Jean Louis Théodore André Géricault|
(1791 - January 26, 1824) France
Géricault, born into a wealthy Rouen family, studied with the French painters Carle Vernet and Pierre Guérin and also traveled to Italy to study from 1816 to 1817. He was greatly influenced by the work of Michelangelo and other Italian Renaissance painters, as well as that of the Flemish master Peter Paul Rubens. Early in his career, Géricault's paintings began to exhibit qualities that set him apart from such neoclassical French painters as Jacques-Louis David.
Géricault soon became the acknowledged leader of the French romantics. His Charging Chasseur (1812, Musée du Louvre, Paris) and Wounded Cuirassier (1814, Musée du Louvre) display violent action, bold design, and dramatic color, and evoke powerful emotion. These characteristics appeared in heightened form in his immense and overpowering canvas Raft of the Medusa.
The painting's disturbing combination of idealized figures and realistically depicted agony, as well as its gigantic size and graphic detail, aroused a storm of controversy between neoclassical and romantic artists. Its depiction of a politically volatile scandal (the wreck was due to government mismanagement) also caused controversy.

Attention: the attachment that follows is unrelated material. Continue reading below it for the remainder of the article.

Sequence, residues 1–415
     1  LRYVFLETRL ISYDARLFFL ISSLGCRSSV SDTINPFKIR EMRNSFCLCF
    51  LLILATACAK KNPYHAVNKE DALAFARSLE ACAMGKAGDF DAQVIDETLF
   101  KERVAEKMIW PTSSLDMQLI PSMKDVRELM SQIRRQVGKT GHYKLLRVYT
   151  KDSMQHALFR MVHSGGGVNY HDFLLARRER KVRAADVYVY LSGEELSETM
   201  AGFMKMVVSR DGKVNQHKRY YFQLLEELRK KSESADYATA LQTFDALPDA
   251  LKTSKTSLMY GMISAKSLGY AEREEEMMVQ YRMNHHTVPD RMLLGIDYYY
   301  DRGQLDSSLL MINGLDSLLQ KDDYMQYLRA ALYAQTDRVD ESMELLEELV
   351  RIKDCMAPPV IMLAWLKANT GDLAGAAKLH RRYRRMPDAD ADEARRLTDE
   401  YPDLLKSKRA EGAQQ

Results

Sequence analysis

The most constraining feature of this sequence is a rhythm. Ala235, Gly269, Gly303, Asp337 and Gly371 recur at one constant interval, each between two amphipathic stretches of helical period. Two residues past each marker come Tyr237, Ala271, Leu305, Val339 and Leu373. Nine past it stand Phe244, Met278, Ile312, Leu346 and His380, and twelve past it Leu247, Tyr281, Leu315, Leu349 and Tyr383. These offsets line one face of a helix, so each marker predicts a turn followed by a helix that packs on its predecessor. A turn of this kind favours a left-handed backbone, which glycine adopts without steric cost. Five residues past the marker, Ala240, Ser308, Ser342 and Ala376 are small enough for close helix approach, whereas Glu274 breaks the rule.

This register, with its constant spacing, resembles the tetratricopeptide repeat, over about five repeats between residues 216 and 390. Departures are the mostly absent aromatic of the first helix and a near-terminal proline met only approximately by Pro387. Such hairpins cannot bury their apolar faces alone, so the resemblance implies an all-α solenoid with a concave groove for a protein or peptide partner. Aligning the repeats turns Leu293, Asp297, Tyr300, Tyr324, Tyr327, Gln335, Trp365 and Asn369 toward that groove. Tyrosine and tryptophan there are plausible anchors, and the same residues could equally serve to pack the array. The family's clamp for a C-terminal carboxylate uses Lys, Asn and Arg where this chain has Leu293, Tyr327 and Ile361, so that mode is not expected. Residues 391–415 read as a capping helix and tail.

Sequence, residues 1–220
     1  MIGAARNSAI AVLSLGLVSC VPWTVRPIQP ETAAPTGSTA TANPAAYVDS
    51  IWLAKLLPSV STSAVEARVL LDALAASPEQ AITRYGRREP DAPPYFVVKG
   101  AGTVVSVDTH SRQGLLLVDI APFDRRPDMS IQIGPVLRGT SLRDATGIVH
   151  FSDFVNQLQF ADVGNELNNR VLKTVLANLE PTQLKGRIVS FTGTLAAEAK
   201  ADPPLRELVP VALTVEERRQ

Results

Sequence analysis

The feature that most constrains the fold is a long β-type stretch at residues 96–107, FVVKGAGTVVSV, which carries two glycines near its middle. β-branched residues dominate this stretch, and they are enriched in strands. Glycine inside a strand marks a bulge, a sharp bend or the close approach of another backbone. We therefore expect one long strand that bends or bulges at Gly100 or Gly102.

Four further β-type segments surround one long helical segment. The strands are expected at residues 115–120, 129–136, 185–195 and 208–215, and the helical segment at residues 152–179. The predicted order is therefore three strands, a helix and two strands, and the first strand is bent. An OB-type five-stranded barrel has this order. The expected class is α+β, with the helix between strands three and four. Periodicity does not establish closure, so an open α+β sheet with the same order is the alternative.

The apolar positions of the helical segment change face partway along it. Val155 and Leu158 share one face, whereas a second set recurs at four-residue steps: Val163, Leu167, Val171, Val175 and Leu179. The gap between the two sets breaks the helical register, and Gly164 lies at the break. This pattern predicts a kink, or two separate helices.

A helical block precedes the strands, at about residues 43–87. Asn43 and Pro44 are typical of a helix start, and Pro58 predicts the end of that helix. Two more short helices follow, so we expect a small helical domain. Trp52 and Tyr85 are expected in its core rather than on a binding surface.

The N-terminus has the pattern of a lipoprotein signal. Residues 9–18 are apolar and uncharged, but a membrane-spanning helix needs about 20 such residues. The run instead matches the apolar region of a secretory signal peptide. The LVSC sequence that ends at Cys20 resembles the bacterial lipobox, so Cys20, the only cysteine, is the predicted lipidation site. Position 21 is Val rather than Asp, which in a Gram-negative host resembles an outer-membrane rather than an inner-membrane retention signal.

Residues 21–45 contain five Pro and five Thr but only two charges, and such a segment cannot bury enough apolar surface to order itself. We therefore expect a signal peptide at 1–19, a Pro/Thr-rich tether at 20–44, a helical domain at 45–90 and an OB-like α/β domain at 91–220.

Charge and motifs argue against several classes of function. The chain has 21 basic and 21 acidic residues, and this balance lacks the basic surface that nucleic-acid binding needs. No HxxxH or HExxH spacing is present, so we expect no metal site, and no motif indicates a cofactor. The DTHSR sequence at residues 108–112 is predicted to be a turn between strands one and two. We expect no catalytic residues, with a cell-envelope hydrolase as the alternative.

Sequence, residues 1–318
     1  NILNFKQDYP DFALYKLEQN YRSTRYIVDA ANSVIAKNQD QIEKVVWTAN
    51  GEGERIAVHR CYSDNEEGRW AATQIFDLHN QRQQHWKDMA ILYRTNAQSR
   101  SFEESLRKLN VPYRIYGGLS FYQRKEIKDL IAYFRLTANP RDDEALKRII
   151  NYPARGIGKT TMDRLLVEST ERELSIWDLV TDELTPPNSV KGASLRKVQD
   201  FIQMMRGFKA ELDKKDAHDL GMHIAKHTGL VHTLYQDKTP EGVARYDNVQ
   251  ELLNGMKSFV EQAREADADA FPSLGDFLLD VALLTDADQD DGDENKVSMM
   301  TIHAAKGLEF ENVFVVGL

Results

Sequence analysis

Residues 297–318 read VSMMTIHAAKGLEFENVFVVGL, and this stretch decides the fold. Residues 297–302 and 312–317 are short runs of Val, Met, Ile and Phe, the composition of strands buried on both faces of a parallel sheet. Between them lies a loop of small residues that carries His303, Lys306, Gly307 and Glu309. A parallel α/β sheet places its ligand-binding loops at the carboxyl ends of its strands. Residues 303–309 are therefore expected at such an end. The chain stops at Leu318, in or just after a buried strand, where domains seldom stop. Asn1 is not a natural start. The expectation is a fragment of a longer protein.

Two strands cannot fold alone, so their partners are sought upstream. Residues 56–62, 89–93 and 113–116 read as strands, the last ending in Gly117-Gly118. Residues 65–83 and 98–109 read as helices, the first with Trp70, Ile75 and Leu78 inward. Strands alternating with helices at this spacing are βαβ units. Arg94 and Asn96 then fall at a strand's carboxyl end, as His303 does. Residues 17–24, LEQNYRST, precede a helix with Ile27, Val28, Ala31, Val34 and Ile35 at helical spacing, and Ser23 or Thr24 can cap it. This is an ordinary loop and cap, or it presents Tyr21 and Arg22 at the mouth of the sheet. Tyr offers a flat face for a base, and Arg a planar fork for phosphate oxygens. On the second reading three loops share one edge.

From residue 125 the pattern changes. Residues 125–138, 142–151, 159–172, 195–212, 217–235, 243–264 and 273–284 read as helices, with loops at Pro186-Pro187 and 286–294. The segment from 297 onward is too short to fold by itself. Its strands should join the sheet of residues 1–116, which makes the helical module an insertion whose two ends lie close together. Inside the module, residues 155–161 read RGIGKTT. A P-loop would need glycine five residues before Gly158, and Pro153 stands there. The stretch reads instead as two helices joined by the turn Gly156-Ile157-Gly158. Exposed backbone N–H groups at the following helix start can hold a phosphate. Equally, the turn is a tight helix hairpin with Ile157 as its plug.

In 1820 Géricault traveled to England, where he painted his Race for the Derby at Epsom (Louvre). At the time of his death, Géricault was engaged in painting a series of portraits of mental patients that demonstrate the preoccupation of the romantic artists with derangement and neurosis. Among his other works are a number of bronze statuettes, a superb series of lithographs, and hundreds of drawings and color sketches.
A keen horseman himself (he was killed in a riding accident), he is noted for pictures including horses, for example The Officer of the Imperial Guard. His Raft of The Medusa (1818-1819, Musée du Louvre), showing an incident in which shipwrecked seamen had deliberately been set adrift, had political repercussions.